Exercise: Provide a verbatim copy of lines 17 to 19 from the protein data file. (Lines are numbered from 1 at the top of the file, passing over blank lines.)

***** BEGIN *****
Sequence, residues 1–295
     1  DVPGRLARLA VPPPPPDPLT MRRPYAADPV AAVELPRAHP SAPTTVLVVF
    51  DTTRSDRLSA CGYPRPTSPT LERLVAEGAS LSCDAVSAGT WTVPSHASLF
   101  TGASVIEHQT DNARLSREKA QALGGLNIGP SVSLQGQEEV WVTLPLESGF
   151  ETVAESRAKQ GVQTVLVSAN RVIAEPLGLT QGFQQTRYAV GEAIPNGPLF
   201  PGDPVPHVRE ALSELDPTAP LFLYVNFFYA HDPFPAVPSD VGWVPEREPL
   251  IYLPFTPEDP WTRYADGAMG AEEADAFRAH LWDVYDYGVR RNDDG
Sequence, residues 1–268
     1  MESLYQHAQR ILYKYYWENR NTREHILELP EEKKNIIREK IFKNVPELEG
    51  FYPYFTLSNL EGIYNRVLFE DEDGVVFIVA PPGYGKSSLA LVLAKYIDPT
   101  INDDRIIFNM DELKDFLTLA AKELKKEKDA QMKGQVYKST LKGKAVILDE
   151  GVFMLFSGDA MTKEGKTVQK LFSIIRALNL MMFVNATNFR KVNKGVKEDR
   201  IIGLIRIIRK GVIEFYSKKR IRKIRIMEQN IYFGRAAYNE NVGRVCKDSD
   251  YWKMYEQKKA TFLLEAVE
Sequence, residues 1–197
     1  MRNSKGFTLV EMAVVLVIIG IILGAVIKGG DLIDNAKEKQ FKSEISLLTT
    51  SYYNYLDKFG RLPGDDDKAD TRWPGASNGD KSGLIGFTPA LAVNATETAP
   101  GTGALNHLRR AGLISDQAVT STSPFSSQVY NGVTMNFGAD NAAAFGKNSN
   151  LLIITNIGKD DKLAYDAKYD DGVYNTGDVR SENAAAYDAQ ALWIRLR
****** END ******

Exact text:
    51  SYYNYLDKFG RLPGDDDKAD TRWPGASNGD KSGLIGFTPA LAVNATETAP
   101  GTGALNHLRR AGLISDQAVT STSPFSSQVY NGVTMNFGAD NAAAFGKNSN
   151  LLIITNIGKD DKLAYDAKYD DGVYNTGDVR SENAAAYDAQ ALWIRLR